Just who is Henri Christophe and what role did he play in Haitian history? In a previous installment of Haiti History 101, we had learned, oh faithful pupils, that Christophe was a slave-turned general, who became king. He built a fortress and several palaces during his lifetime. Let’s see what else we can learn about this historical figure.
1. He wasn’t born in Haiti, or Saint-Domingue, as Haiti was called during the French colonial period.
Christophe was actually born on the island of Grenada on October 7, 1767.
2. He worked in the hospitality industry.
He sure did! Henri Christophe a waiter and a cook at a hotel called La Couronne in modern day Cap Haitien—then known as Cap Français.
3. He was one of the leading generals during the Haitian Revolution.
The book Haiti, Her History and Her Detractors recalls how Christophe set fire to the city of Cap Français upon the invasion of the French Army expedition led by Vicomte Rochambeau. He was the Commander of the rebel army at the time.
According to Leger, as early as the days of Toussaint Louverture, Christophe’s abilities as a general was recognized by Toussaint himself.
4. He fought with Alexandre Petion for power.
The historian Jacques Nicolas Leger asserts that after the assassination of Haiti’s emperor Jacques I (Jean-Jacques Dessalines), Christophe and Alexandre Petion could not see eye to eye and their rivalry for power led to a series of battles between the two of them, that resulted in Petion’s near death and retreat.
Therefore, Haiti was split into two: the south was led by Alexandre Petion, and the north was ruled by Christophe.
5. He liked the British. He really, really liked the British.
Historians call him an Anglophile, and with good reason. He called himself Henry Christopher as opposed to Henri Christophe. He hired professionals from England to come to Haiti to teach in Haitian schools.
Christophe proved to be a big ally of England. Christophe discovered that some in the south of Haiti were in correspondence with slaves in Jamaica, and he handed the names of the slaves to the British government.
As a result of this, the British gave out an order in February 1807, permitting trade between selected ports in northern Haiti with England.
6. He made Haiti into a monarchy and made himself King Henry Christopher the First or Henry I.
In March of 1811, Henri proclaimed Haiti a monarchy, that had him as King Henry I, his wife Marie-Louise Coidavid as the Queen, his son Jacques-Victor Henry as the Prince Royal of Haiti. King Henry I also created a nobility, of lady knights, dukes, counts, and marchionesses and marshals and pages.
Haytian Papers: A Collection of the Very Interesting Proclamations and Other Interesting Documents—a compilation put together by Prince Saunders, a black American supporter of Haiti and King Henri—paints a picture of elegant Catholic Church ceremonies, lavish palace and garden parties and dinners given at Henry’s palaces—and of great sophistication.
Left: An engraving made of Christophe’s coronation in the eighteen century. (The Brooklyn Museum).
7. He wanted the Spanish part of Hispaniola to be rid of Spaniard rule, and be in union with newly-freed Haiti.
James Franklin, a British official, maintained that prior to Henri Christophe’s death, he had contracted an agency in London and was using the said agency to negotiate the purchase of the Dominican side of Hispaniola from the Spanish government.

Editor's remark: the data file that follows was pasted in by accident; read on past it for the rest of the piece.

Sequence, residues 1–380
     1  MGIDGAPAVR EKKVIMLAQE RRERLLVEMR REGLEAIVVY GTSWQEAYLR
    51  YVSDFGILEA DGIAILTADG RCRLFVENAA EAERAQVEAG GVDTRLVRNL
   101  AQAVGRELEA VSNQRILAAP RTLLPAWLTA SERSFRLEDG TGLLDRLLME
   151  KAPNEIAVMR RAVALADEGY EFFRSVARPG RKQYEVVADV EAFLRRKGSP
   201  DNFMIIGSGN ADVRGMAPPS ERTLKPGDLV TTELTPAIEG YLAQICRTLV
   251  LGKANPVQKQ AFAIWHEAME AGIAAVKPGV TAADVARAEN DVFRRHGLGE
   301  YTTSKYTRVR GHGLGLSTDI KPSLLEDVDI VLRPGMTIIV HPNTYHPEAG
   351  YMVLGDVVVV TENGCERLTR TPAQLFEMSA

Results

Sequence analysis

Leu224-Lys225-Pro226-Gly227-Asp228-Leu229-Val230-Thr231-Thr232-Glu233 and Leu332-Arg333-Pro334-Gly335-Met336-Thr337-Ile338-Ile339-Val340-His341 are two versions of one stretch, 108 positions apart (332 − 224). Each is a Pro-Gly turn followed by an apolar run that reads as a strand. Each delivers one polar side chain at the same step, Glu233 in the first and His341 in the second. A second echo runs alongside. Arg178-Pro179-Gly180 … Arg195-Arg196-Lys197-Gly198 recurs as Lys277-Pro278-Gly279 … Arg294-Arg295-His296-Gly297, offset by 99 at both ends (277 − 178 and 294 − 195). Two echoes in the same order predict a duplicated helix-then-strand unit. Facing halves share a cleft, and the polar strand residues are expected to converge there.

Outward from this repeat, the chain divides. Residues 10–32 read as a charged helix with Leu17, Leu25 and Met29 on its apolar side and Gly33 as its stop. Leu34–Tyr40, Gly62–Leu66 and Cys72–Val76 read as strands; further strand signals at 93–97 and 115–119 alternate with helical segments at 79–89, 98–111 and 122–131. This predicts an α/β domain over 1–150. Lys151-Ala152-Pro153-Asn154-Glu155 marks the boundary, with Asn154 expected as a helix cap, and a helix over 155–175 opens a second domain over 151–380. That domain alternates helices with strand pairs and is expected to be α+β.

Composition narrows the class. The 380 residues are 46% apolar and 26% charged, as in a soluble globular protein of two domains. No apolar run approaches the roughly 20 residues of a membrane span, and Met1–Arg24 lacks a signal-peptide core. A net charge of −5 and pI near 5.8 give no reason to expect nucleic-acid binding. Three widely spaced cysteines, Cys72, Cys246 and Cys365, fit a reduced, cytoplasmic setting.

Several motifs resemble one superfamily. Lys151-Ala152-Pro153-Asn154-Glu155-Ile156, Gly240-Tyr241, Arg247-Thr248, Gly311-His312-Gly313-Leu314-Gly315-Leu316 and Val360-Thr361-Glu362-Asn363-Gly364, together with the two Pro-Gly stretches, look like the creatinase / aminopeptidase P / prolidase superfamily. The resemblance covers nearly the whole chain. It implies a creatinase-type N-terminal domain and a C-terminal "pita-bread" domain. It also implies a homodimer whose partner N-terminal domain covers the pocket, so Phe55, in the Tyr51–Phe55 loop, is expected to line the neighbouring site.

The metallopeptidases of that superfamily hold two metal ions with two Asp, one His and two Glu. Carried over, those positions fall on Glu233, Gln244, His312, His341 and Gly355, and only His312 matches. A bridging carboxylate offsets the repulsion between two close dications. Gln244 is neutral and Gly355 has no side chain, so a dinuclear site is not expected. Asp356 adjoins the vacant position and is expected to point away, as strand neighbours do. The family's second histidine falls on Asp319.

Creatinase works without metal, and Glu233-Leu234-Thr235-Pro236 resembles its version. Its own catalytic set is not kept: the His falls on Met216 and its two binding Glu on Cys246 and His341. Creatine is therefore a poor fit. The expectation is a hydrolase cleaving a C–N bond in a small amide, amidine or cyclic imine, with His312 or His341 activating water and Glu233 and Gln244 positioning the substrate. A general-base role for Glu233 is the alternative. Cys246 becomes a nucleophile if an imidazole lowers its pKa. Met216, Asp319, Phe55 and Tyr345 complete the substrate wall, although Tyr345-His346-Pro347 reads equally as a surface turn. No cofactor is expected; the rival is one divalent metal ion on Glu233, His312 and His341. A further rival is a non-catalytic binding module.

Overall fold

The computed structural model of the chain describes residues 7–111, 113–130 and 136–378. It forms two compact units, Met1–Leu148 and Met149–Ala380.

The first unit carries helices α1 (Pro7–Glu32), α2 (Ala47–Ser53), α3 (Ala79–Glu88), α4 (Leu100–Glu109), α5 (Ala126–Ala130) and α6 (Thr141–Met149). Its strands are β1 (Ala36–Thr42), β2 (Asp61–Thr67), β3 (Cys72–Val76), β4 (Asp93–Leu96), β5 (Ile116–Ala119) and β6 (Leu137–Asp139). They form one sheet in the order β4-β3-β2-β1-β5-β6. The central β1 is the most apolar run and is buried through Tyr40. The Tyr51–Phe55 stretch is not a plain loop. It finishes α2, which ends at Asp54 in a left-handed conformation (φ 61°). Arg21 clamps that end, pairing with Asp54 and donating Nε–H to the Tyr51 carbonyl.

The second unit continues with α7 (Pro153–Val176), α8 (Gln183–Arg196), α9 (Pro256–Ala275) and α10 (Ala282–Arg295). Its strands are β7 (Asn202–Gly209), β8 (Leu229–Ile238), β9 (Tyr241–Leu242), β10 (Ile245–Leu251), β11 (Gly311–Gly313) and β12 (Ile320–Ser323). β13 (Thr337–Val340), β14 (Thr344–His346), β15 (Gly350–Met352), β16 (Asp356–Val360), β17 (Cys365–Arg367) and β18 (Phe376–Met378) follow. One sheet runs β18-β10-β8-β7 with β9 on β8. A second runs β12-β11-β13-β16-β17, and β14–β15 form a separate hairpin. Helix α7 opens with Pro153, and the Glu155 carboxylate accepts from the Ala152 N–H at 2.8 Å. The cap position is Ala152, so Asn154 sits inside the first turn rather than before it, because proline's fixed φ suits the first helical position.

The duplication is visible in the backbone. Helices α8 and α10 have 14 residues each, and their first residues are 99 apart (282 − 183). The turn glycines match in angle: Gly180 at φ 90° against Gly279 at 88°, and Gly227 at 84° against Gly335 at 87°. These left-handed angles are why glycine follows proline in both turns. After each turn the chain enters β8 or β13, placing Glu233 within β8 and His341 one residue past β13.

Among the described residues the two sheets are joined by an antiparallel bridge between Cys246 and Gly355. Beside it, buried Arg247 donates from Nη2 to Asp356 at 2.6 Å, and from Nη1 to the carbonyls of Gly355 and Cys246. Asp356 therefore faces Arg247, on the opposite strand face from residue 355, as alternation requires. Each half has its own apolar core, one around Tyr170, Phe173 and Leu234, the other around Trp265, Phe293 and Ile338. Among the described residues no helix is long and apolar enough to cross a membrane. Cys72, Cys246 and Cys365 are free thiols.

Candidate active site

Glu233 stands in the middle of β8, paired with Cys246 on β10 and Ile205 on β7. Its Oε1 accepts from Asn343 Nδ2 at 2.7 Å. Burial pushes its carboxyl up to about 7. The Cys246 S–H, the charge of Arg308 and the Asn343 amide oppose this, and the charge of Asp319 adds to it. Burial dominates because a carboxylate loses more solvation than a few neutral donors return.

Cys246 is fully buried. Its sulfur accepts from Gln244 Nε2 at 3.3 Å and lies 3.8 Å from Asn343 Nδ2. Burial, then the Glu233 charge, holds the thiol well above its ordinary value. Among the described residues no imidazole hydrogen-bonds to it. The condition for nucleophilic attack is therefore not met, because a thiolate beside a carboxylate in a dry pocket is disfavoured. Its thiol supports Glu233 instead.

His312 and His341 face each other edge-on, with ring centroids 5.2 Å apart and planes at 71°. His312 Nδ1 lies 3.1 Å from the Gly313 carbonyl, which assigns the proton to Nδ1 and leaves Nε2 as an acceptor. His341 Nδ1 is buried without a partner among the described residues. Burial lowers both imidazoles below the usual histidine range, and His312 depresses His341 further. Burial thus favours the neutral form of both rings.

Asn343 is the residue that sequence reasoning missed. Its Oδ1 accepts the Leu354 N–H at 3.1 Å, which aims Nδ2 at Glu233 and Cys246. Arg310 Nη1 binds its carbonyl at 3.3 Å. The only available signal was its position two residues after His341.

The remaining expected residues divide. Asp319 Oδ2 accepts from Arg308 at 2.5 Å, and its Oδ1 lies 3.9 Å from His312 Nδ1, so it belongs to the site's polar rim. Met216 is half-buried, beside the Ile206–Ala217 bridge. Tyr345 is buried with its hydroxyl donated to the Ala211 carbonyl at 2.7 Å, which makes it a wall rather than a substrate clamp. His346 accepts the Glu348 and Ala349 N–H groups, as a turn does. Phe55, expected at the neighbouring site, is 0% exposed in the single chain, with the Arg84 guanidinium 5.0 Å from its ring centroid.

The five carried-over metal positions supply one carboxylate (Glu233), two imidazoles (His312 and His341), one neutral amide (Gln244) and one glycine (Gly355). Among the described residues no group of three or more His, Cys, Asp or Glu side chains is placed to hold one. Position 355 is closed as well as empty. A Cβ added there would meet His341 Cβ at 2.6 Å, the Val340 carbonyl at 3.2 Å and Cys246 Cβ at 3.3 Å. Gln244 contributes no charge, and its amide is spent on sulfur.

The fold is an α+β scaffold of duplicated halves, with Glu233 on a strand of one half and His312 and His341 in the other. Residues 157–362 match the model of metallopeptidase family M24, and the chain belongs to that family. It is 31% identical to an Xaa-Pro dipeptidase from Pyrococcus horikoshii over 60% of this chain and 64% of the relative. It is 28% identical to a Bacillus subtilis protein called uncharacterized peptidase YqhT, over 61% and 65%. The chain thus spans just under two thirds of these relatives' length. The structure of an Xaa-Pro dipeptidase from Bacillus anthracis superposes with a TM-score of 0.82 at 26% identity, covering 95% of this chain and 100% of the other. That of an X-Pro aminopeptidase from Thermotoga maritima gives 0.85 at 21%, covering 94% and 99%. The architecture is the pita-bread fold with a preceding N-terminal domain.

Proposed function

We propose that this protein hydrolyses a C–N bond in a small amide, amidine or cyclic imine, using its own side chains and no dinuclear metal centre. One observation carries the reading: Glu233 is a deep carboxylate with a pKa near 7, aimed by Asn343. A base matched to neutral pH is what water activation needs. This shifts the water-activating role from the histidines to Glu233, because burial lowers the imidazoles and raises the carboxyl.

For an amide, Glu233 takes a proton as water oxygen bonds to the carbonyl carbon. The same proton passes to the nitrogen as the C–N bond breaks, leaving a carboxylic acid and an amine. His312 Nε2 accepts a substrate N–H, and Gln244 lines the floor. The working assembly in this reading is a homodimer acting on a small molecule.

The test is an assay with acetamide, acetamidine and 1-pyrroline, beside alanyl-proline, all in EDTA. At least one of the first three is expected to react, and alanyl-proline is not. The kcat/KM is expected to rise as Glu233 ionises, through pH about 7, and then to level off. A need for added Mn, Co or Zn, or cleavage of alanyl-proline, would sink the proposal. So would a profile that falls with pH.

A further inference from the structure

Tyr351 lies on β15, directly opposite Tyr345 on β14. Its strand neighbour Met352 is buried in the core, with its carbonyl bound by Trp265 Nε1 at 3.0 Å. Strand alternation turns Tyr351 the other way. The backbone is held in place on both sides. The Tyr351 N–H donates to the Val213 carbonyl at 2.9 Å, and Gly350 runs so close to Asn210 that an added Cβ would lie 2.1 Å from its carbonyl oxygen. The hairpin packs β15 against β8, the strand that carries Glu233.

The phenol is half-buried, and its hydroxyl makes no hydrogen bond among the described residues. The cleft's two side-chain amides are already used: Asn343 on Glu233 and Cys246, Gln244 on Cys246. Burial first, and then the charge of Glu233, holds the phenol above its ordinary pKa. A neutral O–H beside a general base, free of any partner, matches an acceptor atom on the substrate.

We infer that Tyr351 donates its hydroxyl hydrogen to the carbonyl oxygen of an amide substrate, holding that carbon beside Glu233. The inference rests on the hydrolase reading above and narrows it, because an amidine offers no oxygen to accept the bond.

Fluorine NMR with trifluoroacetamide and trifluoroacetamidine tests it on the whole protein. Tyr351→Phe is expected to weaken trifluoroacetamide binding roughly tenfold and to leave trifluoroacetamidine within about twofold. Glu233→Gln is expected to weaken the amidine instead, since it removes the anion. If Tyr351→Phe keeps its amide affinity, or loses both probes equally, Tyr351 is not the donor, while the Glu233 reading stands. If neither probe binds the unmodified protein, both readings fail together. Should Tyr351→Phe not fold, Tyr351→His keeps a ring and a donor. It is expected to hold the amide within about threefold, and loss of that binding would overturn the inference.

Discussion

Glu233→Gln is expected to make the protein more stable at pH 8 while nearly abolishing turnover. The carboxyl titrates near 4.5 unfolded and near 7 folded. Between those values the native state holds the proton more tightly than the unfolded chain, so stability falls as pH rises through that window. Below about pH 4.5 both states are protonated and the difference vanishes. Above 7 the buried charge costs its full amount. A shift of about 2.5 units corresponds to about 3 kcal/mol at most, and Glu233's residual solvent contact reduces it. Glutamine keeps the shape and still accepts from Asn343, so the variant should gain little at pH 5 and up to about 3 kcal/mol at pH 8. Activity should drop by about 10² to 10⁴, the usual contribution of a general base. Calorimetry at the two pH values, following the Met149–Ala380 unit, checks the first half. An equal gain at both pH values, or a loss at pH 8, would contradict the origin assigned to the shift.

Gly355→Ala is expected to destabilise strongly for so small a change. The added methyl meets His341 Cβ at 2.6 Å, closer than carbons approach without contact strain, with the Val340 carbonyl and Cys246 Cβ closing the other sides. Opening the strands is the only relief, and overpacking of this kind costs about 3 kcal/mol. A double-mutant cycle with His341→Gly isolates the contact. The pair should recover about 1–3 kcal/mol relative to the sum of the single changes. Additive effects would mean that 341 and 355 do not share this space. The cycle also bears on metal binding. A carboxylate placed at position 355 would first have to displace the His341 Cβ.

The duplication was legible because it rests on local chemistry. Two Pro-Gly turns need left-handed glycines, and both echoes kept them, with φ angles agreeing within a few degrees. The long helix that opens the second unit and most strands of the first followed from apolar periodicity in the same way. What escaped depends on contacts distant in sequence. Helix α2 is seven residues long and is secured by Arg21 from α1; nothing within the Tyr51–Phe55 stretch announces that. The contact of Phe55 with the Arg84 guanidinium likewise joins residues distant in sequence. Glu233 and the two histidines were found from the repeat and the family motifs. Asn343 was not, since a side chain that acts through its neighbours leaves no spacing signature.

Upon his death, the negotiations faltered according to both Franklin and Patrick E. Bryan author of The Haitian Revolution and Its Effects. In the book Industrialization and Imperialism, 1800-1914: A Biographical Dictionary Dennis Hidalgo contended that Christophe’s successor Jean-Pierre Boyer peaceful united the two parts of the island.
8. Under Henri Christophe’s rule, northern Haiti thrived.
King Henry I established The Royal Music Academy, a musical school, and an Art Academy. He built eight chateaus, including one for his wife Queen Marie-Louise, and nine palaces, including the San Souci Palace, as well as fortress called La Citadelle Laferriere. North Haiti had stable trade with England, and coffee was the Kingdom of Hayti’s primary export.
King Henri Christophe’s San Souci Palace as it looked decades after his death.
9. King Henri Christophe was anxious that the French would return and he was prepared for such a situation.
The aforementioned Citadelle Laferriere, complete with cannons, ammunition, and food storage houses, was designed as a stronghold for Haiti to fight off the French. As late as three months before his death, Christophe remained paranoid about the French returning and reclaiming Haiti.
For instance among the letters collected in the book Henry Christophe and Thomas Clarkson: A Correspondence is a July 20, 1820 letter from the British abolitionist and supporter of Haiti Thomas Clarkson soothing Christophe’s fears about the French recapturing Haiti.
Clarkson, however warned Christophe not to engage in any feuds with Jean-Pierre Boyer (who was now ruling the South of Haiti, following the death of Alexandre Petion) that might further divide Haiti and ease a French invasion of Haiti.
10. He left his wife the Queen Marie-Louise and his daughters the princesses Françoise-Améthyste, Athénaïse very rich ladies.
He had lots of gold stashed away in England—some sources say up to three million. Charles Dupuy maintains that after his suicide in 1820, Queen Marie-Louise and the two princesses were granted permission by Haiti’s new ruler Jean-Pierre Boyer to leave Haiti for England, where they went to claim the fortune.
From there, the former queen and the two princesses lived in Italy, never to return to Haiti. Queen Marie Louise (still according to Dupuy) had requested a passport to return back to Haiti, but died before Boyer could grant it.
Last Updated on August 30, 2023 by kreyolicious